Although normally considered guitar music, Bachata also utilizes maracas, claves, gourd scrapers, marimbas and bongo drums. In the early days, an accordion sometimes substituted for a guitar, especially when merengue and other dance music was the theme of the evening. The 1960s saw the popularization of Bachata music, as romantic guitar music dominated the charts in South America.
Prior to the popularization of recorded albums, guitar trios were widespread forms of entertainment at private and public functions in South America. The very definition of bachata means fun or merriment, because that is how listeners feel when experiencing the music.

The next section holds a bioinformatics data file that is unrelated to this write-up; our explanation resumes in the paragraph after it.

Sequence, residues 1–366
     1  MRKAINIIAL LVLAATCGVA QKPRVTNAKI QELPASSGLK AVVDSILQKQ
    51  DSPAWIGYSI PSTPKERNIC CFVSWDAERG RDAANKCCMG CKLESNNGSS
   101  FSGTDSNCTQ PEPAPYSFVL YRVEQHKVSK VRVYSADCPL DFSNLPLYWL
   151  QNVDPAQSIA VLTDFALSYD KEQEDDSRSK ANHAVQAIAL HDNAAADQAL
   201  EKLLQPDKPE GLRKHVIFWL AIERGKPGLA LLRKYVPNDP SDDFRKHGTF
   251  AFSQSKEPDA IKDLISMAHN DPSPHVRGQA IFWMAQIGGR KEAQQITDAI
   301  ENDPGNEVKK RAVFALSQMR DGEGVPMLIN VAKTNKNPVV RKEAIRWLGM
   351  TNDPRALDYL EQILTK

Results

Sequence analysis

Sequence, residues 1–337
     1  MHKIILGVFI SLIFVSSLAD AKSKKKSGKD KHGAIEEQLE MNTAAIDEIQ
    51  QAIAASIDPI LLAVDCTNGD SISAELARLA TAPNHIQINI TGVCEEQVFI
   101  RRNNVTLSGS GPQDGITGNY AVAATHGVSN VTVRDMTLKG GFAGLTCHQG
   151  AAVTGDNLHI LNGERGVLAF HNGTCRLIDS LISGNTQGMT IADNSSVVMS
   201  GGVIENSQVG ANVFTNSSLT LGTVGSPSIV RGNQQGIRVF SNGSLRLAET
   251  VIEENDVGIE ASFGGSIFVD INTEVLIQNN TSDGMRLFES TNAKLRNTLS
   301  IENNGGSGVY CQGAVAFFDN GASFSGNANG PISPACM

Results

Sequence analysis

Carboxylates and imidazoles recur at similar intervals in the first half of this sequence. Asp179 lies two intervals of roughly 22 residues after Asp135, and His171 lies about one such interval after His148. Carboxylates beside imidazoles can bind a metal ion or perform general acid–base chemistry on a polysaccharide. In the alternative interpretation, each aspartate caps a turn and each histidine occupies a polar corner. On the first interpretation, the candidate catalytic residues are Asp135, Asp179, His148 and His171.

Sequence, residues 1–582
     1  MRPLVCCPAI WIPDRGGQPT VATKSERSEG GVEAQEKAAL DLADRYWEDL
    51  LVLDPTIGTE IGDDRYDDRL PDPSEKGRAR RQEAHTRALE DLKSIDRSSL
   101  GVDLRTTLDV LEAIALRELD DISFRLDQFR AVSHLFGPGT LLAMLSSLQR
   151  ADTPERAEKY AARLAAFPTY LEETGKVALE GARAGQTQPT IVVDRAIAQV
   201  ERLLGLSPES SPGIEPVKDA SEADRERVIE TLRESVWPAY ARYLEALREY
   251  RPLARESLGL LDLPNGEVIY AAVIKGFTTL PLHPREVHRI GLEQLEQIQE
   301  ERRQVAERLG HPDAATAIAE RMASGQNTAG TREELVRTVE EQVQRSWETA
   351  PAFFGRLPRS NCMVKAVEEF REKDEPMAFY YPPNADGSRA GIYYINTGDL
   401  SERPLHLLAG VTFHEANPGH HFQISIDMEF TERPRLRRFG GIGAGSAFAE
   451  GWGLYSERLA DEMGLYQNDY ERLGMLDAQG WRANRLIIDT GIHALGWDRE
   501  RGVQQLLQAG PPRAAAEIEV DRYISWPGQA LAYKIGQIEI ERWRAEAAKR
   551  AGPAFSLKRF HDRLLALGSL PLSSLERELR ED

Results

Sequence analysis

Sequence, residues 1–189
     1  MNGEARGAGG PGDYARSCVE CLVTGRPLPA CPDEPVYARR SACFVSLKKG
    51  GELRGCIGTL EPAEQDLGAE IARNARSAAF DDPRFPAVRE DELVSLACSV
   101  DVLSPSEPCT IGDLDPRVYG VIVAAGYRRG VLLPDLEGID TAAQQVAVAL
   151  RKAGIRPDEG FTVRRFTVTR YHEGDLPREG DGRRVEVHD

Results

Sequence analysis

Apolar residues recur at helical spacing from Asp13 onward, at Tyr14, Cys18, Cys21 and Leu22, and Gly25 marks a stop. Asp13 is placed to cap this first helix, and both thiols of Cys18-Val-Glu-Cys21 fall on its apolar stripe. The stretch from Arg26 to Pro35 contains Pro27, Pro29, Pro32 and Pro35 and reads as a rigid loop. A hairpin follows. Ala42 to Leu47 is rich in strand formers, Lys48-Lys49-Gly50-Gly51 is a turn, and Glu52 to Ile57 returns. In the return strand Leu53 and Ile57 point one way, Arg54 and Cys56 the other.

Bachata is also a term for a party where the guitar music is played. Food, drink and music are all important factors for a successful bachata. Bachata musicians are traditionally only paid with refreshments, and the parties sometimes go until the wee hours of the morning when a special soup, sancocho, signals the end of the festivities.
Bachata didn't become a recognized style until the 1970s, though upper and middle class citizens tried to denigrate the music. The bachata musicians themselves tried to label their genre as romantic bolero, but the term bachata has stuck to this day, as of 2014.